The significance of sleep onset and slow wave sleep for nocturnal release of growth hormone (GH) and cortisol

Psychoneuroendocrinology. 1988;13(3):233-43. doi: 10.1016/0306-4530(88)90021-2.


The present experiments were designed to compare the influences of delayed sleep onset and temporary slow wave sleep (SWS) deprivation on nocturnal GH and cortisol release in humans. Polysomnographic recordings and blood samples were obtained from 10 male subjects each participating on three experimental nights. On all nights the subjects went to bed at 2300 h and were wakened at 0700 h. On the baseline night, the lights were turned off at 2300 h, enabling the subject to fall asleep. To delay sleep onset, on the second night, the subjects were kept awake until 0200 h. On the third night, the subjects were deprived of SWS between 2300 h and 0200 h. SWS deprivation was accomplished by sounding a tone as soon as it appeared the subject was going into stage 3 sleep. The order of experimental conditions was randomized. On the baseline nights, the occurrence of SWS was closely associated with the occurrence of GH secretory bursts, and plasma cortisol concentrations were low at that time. Delaying sleep onset after 0200 h substantially delayed the GH secretory bursts, which again coincided with the initial periods of SWS. Deprivation of SWS between 2300 h and 0200 h did not significantly reduce the time spent in SWS, because it recovered after the deprivation was discontinued. On these nights, the GH secretory peaks were not significantly changed in amplitude. However, they were dissociated from SWS, because they occurred mostly subsequent to sleep onset rather than during the main epochs of SWS occurring after 0200 h. Nocturnal cortisol release was distinctly delayed with delayed sleep onset, whereas temporary SWS suppression had no significant effect. Thus, the timing of both nocturnal GH and cortisol secretion seems more dependent on sleep onset than on SWS.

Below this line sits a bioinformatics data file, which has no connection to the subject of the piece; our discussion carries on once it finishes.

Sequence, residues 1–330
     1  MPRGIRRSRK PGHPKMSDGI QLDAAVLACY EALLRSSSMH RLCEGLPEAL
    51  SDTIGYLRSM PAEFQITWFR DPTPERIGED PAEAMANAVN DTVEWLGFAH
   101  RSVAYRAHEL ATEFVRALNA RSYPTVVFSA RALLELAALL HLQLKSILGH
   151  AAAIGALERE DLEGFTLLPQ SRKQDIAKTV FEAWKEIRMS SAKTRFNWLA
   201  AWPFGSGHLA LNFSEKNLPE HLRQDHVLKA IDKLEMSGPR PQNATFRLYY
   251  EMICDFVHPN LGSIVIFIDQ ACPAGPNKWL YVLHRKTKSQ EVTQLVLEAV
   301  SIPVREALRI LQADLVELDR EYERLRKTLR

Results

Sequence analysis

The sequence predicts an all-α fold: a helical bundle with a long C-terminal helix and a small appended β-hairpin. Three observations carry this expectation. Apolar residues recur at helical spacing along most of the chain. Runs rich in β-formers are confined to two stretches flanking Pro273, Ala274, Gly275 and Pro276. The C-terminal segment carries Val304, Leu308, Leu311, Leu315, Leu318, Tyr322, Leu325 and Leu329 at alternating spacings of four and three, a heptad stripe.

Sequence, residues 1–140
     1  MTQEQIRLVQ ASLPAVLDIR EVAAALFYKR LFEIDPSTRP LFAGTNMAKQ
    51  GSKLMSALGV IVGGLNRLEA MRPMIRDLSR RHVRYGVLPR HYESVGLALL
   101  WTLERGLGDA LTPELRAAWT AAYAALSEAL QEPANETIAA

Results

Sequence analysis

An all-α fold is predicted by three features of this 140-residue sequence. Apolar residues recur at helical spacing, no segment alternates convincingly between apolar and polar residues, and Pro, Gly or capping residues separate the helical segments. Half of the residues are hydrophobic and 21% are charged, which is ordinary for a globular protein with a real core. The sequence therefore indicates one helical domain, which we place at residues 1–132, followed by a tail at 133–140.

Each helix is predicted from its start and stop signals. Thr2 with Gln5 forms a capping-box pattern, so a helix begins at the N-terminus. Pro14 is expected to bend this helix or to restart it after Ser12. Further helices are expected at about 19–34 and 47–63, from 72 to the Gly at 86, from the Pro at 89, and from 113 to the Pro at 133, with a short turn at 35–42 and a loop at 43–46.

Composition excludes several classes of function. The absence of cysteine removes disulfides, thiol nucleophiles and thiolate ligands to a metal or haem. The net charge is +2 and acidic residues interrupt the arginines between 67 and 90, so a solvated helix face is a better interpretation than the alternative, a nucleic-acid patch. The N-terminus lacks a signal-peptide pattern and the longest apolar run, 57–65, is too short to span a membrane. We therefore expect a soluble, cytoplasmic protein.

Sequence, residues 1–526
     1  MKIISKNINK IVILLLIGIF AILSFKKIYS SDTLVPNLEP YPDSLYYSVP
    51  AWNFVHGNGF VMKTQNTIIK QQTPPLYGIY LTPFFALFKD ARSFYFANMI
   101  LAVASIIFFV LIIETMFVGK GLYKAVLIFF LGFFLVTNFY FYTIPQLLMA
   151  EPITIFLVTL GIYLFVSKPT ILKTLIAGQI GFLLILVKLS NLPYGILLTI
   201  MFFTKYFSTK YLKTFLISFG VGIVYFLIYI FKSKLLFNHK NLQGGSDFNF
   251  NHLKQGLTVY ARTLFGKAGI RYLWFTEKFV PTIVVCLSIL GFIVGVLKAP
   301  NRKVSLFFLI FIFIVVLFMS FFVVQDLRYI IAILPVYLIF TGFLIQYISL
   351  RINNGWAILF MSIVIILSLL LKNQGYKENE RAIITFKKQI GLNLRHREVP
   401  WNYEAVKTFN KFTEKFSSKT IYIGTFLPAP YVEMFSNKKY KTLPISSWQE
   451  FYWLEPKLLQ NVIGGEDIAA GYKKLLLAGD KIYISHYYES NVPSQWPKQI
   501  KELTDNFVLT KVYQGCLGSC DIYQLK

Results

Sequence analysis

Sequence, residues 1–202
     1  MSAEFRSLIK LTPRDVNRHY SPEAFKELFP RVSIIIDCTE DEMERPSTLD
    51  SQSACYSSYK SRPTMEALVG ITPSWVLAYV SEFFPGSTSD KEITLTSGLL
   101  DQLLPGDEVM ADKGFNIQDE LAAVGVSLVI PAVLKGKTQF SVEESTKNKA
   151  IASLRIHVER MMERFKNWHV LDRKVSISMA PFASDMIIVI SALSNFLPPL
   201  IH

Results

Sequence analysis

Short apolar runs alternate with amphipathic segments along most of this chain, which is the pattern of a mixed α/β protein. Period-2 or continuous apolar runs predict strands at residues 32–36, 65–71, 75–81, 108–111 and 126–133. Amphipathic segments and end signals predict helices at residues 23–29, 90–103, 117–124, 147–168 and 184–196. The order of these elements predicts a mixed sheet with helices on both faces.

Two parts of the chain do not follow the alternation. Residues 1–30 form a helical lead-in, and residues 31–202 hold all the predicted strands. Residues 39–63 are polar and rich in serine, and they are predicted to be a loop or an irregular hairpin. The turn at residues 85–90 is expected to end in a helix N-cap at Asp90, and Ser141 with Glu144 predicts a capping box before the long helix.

Publication types

  • Clinical Trial
  • Randomized Controlled Trial

MeSH terms

  • Adolescent
  • Adult
  • Circadian Rhythm*
  • Electroencephalography*
  • Evoked Potentials
  • Growth Hormone / blood*
  • Humans
  • Hydrocortisone / blood*
  • Male
  • Reaction Time / physiology
  • Sleep Stages / physiology*


  • Growth Hormone
  • Hydrocortisone